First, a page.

Brazilian Journal of Pulmonology

ISSN (on-line): 1806-3756 | ISSN (printed): 1806-3713

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International collaboration among medical societies is an effective way to boost Latin American production of articles on tuberculosis

A colaboração internacional entre sociedades médicas é uma forma eficaz de aumentar a produção de artigos sobre tuberculose na América Latina

Giovanni Battista Migliori1,a, Rosella Centis1,b, Lia D'Ambrosio2,c, Denise Rossato Silva3,d, Adrian Rendon4,e

J Bras Pneumol.2019;45(2):e20180420-e20180420

Abstract PDF PT PDF EN Portuguese Text Appendix

Objective: Most studies of tuberculosis originate from high-income countries with a low incidence of tuberculosis. A review of the scientific production on tuberculosis in Latin American countries, most of which are low- or middle-income countries (some with high or intermediate tuberculosis incidence rates), would improve the understanding of public health challenges, clinical needs, and research priorities. The aims of this systematic review were to determine what has been published recently in Latin America, to identify the leading authors involved, and to quantify the impact of international collaborations. Methods: We used PubMed to identify relevant manuscripts on pulmonary tuberculosis (PTB), drug-resistant tuberculosis (DR-TB), or multidrug-resistant tuberculosis (MDR-TB), published between 2013 and 2018. We selected only studies conducted in countries with an annual tuberculosis incidence of ≥ 10,000 reported cases and an annual MDR-TB incidence of ≥ 300 estimated cases, including Brazil, Peru, Mexico, Colombia, and Argentina. Articles were stratified by country, type, and topic. Results: We identified as eligible 395 studies on PTB and 188 studies on DR/MDR-TB-of which 96.4% and 96.8%, respectively, were original studies; 35.5% and 32.4%, respectively, had an epidemiological focus; and 52.7% and 36.2%, respectively, were conducted in Brazil. The recent Latin American Thoracic Association/European Respiratory Society/Brazilian Thoracic Association collaborative project boosted the production of high-quality articles on PTB and DR/MDR-TB in Latin America. Conclusions: Most of the recent Latin American studies on tuberculosis were conducted in Brazil, Mexico, or Peru. Collaboration among medical societies facilitates the production of scientific papers on tuberculosis. Such initiatives are in support of the World Health Organization call for intensified research and innovation in tuberculosis.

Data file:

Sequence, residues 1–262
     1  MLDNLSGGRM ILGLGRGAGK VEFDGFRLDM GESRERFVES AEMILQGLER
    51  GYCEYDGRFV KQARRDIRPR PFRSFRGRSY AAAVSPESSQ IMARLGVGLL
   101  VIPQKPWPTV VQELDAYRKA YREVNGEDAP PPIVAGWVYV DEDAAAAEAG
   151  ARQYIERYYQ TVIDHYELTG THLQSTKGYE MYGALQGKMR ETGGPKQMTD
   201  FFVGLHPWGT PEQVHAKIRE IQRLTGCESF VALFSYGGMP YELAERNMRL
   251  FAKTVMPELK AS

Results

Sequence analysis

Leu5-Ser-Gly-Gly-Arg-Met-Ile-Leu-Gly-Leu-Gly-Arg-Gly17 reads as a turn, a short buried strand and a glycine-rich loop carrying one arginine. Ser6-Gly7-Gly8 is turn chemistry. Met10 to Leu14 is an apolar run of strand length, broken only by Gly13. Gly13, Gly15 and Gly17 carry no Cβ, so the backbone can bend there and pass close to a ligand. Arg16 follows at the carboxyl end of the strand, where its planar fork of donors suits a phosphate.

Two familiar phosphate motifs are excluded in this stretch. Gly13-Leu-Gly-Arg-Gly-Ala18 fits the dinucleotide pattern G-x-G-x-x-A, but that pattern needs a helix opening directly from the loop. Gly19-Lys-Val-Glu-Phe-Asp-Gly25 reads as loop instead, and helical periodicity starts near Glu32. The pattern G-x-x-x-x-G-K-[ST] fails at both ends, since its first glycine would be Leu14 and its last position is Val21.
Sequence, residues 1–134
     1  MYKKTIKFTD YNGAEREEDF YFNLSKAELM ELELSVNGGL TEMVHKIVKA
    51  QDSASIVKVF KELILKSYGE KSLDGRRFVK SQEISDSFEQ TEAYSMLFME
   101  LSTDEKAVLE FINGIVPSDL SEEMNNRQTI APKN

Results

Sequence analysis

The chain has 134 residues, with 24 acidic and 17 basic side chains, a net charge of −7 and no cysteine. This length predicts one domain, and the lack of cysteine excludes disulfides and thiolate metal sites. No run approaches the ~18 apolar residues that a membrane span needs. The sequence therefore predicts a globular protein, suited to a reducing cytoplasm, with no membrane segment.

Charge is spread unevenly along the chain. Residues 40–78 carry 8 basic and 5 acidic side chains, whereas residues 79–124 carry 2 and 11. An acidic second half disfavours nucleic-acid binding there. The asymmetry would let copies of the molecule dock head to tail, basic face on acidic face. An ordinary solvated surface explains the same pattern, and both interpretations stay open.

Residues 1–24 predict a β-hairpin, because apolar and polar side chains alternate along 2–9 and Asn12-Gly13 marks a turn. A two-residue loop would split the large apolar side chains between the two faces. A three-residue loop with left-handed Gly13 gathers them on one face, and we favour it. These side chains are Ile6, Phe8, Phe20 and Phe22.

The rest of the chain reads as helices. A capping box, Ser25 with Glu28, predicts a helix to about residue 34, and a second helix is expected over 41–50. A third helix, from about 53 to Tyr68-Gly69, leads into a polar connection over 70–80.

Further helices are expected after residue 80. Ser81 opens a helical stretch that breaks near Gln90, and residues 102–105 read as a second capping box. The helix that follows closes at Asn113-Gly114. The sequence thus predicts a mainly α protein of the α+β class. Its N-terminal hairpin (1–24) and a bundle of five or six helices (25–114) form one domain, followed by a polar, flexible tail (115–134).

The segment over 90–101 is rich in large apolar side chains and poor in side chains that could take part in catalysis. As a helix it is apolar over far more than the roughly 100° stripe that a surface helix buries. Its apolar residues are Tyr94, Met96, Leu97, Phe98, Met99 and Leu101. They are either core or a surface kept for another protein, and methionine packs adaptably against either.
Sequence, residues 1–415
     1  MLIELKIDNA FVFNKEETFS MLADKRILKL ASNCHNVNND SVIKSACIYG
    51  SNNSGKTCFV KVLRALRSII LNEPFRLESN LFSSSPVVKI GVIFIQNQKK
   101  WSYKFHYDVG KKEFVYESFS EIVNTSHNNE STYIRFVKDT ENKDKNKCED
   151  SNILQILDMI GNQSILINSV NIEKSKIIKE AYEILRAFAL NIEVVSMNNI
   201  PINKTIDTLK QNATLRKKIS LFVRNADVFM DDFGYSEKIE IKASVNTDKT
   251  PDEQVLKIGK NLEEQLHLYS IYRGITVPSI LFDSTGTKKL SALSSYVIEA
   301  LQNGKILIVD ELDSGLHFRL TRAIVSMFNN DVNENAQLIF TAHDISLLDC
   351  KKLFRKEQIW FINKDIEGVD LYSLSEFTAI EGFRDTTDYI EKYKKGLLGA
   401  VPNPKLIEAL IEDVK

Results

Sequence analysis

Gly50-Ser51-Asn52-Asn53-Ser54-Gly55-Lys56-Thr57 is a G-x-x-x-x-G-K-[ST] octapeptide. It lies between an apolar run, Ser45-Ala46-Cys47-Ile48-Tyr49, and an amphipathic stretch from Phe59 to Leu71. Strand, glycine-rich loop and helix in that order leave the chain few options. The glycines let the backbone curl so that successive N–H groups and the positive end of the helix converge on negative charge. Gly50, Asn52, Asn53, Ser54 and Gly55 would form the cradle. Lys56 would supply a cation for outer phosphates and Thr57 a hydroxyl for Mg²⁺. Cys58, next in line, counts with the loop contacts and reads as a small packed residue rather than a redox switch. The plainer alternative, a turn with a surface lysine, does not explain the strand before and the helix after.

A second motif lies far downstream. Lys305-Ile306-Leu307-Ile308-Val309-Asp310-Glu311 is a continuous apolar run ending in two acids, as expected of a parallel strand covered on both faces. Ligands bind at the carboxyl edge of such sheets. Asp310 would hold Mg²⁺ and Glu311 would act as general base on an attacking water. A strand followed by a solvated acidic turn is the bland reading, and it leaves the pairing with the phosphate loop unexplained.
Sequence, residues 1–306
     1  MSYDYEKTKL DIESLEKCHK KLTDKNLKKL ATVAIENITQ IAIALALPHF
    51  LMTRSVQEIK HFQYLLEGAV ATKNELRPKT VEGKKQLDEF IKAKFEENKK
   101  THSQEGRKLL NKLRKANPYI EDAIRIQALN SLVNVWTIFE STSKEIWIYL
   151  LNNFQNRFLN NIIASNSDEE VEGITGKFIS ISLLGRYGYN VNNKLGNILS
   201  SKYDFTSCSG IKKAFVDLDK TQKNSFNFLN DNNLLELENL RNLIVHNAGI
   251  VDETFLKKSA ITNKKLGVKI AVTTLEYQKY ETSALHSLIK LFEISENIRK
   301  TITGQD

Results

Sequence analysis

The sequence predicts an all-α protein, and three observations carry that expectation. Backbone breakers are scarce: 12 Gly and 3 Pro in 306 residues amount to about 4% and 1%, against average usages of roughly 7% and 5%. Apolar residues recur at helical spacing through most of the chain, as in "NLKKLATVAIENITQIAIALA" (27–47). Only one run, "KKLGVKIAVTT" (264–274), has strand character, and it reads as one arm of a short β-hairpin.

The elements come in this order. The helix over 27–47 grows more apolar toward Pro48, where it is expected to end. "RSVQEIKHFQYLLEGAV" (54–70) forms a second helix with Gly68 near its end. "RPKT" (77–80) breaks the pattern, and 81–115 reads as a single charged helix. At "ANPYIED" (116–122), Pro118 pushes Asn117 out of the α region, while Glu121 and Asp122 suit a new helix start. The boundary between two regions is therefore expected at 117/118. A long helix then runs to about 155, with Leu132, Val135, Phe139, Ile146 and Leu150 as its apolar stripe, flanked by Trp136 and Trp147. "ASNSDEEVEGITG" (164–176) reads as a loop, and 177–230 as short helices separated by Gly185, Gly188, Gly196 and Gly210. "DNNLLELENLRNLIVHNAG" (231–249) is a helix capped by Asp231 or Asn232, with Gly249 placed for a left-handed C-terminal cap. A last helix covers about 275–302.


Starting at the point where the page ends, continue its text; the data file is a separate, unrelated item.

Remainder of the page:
Keywords: Tuberculosis, pulmonary; Tuberculosis, multidrug-resistant; Latin America.

 


New and repurposed drugs to treat multidrug- and extensively drug-resistant tuberculosis

Novos fármacos e fármacos repropostos para o tratamento da tuberculose multirresistente e extensivamente resistente

Denise Rossato Silva1,a, Margareth Dalcolmo2,b, Simon Tiberi3,c, Marcos Abdo Arbex4,5,d, Marcela Munoz-Torrico6,e, Raquel Duarte7,8,9,f, Lia D'Ambrosio10,11,g, Dina Visca12,h, Adrian Rendon13,i, Mina Gaga14,j, Alimuddin Zumla15,k, Giovanni Battista Migliori10,l

J Bras Pneumol.2018;44(2):153-460

Abstract PDF PT PDF EN Portuguese Text

Multidrug-resistant and extensively drug-resistant tuberculosis (MDR-TB and XDR-TB, respectively) continue to represent a challenge for clinicians and public health authorities. Unfortunately, although there have been encouraging reports of higher success rates, the overall rate of favorable outcomes of M/XDR-TB treatment is only 54%, or much lower when the spectrum of drug resistance is beyond that of XDR-TB. Treating M/XDR-TB continues to be a difficult task, because of the high incidence of adverse events, the long duration of treatment, the high cost of the regimens used, and the drain on health care resources. Various trials and studies have recently been undertaken (some already published and others ongoing), all aimed at improving outcomes of M/XDR-TB treatment by changing the overall approach, shortening treatment duration, and developing a universal regimen. The objective of this review was to summarize what has been achieved to date, as far as new and repurposed drugs are concerned, with a special focus on delamanid, bedaquiline, pretomanid, clofazimine, carbapenems, and linezolid. After more than 40 years of neglect, greater attention has recently been paid to the need for new drugs to fight the "white plague", and promising results are being reported.

 


Keywords: Tuberculosis/therapy; Tuberculosis, multidrug-resistant; Extensively drug-resistant tuberculosis; Antitubercular agents.

 


 

 


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CNPq, Capes, Ministério da Educação, Ministério da Ciência e Tecnologia, Governo Federal, Brasil, País Rico é País sem Pobreza
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E-mails: jbp@jbp.org.br
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